Will technology bring us a better World Cup?
12 Jun 2018, 11:25 ( 12 Jun, 2018)
The Video Assistant Referee (VAR) system will be used for the first time at the 2018 FIFA World Cup in Russia to help minimize refereeing mistakes.
But the question is: can VAR help eliminate mistakes or will the system create new controversies? There is a hope that VAR can help referees with contentious decisions and help avoid a repeat of some of the biggest refereeing errors that have formed part of the rich tapestry of World Cup history.
One classic World Cup moment might even have been overturned if VAR was in play. In the 1986 World Cup quarterfinal, Argentina's Diego Maradona knocked the ball into the back of England's net using his fist. When asked about the incident, Maradona famously replied that the goal was scored "a little with the head of Maradona and a little with the hand of God."
If the referee Ali Bin Nasser had VAR's help, the Argentinian captain may have been shown a yellow, and his goal could have been disallowed. "The chances of making a correct decision without a video assistant are about 93 percent. They are at 99 percent with the video assistants," FIFA president Gianni Infantino said.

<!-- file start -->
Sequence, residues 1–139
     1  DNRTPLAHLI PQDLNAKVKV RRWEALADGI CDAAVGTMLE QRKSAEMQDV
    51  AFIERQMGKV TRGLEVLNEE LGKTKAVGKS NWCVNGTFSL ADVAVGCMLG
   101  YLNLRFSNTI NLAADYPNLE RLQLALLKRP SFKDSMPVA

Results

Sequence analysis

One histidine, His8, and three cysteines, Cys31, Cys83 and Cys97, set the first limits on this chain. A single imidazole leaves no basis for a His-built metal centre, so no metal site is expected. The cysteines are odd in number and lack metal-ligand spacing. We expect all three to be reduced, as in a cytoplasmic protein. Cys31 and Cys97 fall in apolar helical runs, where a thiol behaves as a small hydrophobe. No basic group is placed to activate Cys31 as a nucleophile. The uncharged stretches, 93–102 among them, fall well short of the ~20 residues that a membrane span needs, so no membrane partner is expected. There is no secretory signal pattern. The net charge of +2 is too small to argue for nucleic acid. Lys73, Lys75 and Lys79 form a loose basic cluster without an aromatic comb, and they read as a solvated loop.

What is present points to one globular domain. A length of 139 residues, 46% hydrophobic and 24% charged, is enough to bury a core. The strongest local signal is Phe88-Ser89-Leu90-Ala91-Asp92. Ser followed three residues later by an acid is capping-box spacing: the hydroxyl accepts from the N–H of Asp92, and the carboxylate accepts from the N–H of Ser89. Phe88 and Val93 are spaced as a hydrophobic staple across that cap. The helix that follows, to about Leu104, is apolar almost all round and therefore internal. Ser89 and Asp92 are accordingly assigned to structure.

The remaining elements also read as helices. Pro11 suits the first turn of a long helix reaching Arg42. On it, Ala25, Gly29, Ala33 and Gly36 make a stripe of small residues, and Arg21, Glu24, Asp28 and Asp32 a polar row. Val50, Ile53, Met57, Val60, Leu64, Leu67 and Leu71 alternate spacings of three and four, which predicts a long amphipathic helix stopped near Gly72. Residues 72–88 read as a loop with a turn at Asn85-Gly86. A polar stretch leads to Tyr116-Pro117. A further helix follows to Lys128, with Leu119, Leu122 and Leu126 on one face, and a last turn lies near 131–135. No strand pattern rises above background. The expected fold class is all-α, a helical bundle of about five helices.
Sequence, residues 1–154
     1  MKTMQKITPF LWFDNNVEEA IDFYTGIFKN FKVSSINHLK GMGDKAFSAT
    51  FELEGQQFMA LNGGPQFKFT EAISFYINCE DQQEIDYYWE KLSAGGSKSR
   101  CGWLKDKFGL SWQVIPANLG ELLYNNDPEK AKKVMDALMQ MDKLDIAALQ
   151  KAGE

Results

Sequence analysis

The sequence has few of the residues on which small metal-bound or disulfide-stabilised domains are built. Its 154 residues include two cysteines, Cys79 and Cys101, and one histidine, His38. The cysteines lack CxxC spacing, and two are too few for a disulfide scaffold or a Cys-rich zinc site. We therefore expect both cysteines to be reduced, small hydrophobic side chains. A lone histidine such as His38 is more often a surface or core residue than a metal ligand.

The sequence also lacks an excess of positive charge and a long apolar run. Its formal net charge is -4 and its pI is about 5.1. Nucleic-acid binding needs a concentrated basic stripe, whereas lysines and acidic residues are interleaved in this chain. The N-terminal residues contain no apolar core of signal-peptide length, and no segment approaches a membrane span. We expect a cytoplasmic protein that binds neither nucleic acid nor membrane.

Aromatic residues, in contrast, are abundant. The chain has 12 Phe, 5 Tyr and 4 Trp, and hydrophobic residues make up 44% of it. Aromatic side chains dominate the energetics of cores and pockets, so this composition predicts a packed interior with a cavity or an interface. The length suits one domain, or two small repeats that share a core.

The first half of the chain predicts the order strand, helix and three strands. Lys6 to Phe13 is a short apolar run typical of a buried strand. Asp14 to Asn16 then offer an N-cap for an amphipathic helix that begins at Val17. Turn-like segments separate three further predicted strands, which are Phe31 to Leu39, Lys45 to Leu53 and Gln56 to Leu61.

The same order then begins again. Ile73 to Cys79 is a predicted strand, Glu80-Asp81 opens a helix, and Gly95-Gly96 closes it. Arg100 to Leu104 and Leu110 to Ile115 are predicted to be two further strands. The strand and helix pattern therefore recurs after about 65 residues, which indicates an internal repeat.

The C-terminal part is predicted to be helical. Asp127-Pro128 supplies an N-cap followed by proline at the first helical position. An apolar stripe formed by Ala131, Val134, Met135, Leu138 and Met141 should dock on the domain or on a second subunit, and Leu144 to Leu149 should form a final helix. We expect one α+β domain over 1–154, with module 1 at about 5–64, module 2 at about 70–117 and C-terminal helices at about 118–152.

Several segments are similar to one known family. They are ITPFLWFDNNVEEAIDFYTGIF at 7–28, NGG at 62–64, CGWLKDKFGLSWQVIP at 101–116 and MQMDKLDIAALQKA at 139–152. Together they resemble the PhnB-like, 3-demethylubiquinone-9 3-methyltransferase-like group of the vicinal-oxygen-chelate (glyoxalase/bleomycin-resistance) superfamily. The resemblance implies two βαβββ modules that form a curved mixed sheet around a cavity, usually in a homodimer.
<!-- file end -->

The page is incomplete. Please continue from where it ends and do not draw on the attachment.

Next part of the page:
To promote the system, football's governing body has launched workshops to help World Cup referees prepare for using VAR in Russia. However, the effectiveness of the system may still largely depend on the men with the whistles.
According to FIFA, the video referee should only intervene in cases of obvious mistakes by the referees on decisions regarding goals, offsides, dismissals or mistaken identity when it comes to the players that will be punished.
During a match only the chief referee has the final say over whether VAR should be used or not. As a result whether or not the referee chooses to use the technology is likely to be a new controversy at the tournament. It's not just the World Cup referees who should be prepared for the changes. It would be better for the players if those who score stay calm and not celebrate their goals too quickly, because they might have to wait for a VAR decision. Another worry is that referees might become too dependent on the VAR system.
The Chinese Super League started to use VAR in the 2018 season. When Guizhou Hengfeng played against Hebei China Fortune in the second round, three goals out of five were sent to the VAR. Chinese media criticized the referee's reliance on technology, speculating that it might lead to some referees losing confidence in their own judgement.
They argued that using VAR too often might interrupt the normal pace of the games and spoil the professional competence of the referees.
It takes time for people to adapt to innovation, and only when humans and machines work together can they get the most out of the new tool. It's widely hoped that this summer the VAR can avoid controversy as many as possible.